* No man ever exceeded Lucifer in courage and hardiness of spirit. When in exile for the Nicene faith, he published certain writings, in which he accuses Constantius with the most astonishing boldness. If there were more of the meekness of the Gospel in these writings, it might be proper to quote some parts of them for the edification of the Christian reader; but there is evidently too much of the man, and too little of the saint, in the whole method and spirit of them. Not content with composing these works, he sent a copy of them to the emperor, who, surprised at his boldness, ordered him to be asked, " whether he had really sent them." " Know," answered the intrepid bishop, " that I did send the book to the emperor, and after having again considered it, I do not retract; and when you have examined the reasons for which 1 have written in this manner, you will find that we have been strengthened by God, so as to expect with gladness the death which is preparing for us." I wonder not that Athanasius highly commends this man ; he himself, though in a less degree, partook of the same spirit. It is useful to mark the declensions of the Christian spirit among good men. The want of a closer attention to the vitals of experimental godliness rendered even the best men in these day3 too ferocious in their opposition to heretics. Lucifer was consistent throughout; the same temper which appears to have actuated him in his conduct towards Constantius, seduced him into a blameable schism in his latter days ; yet who can deny the sincerity of his love for the truth, and the integrity of his heart ?—See page 86 of this vol.

It is the design of history to record what may be useful to mankind. In this view, even the faults of the wise and good are serviceable. The unhappy spirit of faction, in the decline of Christian faith and love, split the small remnant of the faithful in Antioch into .two parties, which subsisted some time after the beginning of the next century. Two persons, both of undoubted piety, minister there, and yet cannot heal the evil. A third, who had distinguished himself for zeal and piety above many of his age, endeavours to compose the breach, but widens it. He himself soon after, through the impatience of contradiction, makes another party. There was a world of wisdom in St. John's charge to the Church in his old age. " Little children, love one another." The want of it is sure to be succeeded by factions, surmises, and endless divisions. The breach once made is more easily widened than closed. While the Gospel flourished in name through Antioch, the vices of luxury prevailed amidst the evils of heresy and schism. The church there became the mark of reproach to the apostate, in his satire against their city. I turn with more pleasure to behold Eusebius of Vercellas, who came back to his western bishopric in Italy, where he was received with extraordinary joy. His labours, and those of Hilary of Poitiers, were serviceable in Italy, Gaul, and in general through Europe. There the Arian heresy was suppressed, and peace and unity reigned. False learning and philosophy had not so corrupted the understanding. The Donatists in Africa obtained leave of Julian to recover their churches, and that frantic and turbulent sect proceeded to exercise military violence, an evil with which they had always been infected.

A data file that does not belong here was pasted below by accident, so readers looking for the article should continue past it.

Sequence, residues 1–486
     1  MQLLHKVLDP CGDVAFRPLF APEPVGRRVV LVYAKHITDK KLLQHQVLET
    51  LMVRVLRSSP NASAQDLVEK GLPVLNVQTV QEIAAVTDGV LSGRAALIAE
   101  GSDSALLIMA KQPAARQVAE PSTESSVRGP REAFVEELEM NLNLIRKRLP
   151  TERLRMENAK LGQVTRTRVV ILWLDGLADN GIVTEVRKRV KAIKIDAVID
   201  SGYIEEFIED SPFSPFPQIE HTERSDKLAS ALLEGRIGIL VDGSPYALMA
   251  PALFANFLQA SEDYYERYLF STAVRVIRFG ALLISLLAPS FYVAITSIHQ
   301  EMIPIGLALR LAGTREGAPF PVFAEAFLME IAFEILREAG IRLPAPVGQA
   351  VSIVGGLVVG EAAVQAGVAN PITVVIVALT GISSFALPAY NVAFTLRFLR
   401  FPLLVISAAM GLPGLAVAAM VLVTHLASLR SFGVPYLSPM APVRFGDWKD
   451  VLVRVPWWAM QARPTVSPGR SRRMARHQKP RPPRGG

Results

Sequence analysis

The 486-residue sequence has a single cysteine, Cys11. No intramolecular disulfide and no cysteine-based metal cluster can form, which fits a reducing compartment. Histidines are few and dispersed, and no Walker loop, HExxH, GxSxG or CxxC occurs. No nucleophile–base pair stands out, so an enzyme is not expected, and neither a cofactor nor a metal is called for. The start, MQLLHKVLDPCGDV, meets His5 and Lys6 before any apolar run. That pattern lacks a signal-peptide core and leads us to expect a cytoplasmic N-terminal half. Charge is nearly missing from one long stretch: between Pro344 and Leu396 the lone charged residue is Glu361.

Athanasius was not allowed to enjoy long the sweets of liberty. The gentile Alexandrians represented to the emperor, that he corrupted the city and all Egypt, and that if he continued there, not a Pagan would be left. Julian's affected moderation was tried to the utmost in this case ; and the open spirit of persecution, which, contrary to his deliberate maxims, he displayed on this occasion, does immortal honour to the talents and integrity of the Egyptian prelate. " I allowed those Galileans, says he, who had been banished, to return to their countries, not to their churches *. I order Athanasius to leave the city on the receipt of my letter." The Christians wrote to the emperor, and begged that he might not be taken from them. Provoked to see how deeply the love of Christianity was fixed in them, and what progress the bishop had made in a very little time, Julian answered them f, that since Alexander was their founder, and Serapis and Isis their tutelary gods, it was surprising that the corrupted part should dare to call themselves the community. " I am ashamed, says he, that the gods should suffer any of you Alexandrians to confess himself a Galilean. You forget your ancient felicity, when Egypt conversed with the gods, and you abounded with prosperity. Your Alexander was a servant of the gods, whom Jupiter raised far above any of these, or the Hebrews, who were much better. The Ptolemies, who cherished your city as a daughter, advanced it to its greatness not by preaching Jesus Christ and the doctrine of the execrable Galileans. If you resolve to follow these impostors, agree among yourselves, and desire not to retain Athanasius, Many of his disciples are capable of pleasing you by their impious discourses. But if your affection for him is grounded on his skill and shrewdness (for I hear the man is crafty), for this reason I expel him from your city. That such an intriguer should preside over the people, is dangerous ; one who deserves not the name of man, a low despicable creature, who takes a pride in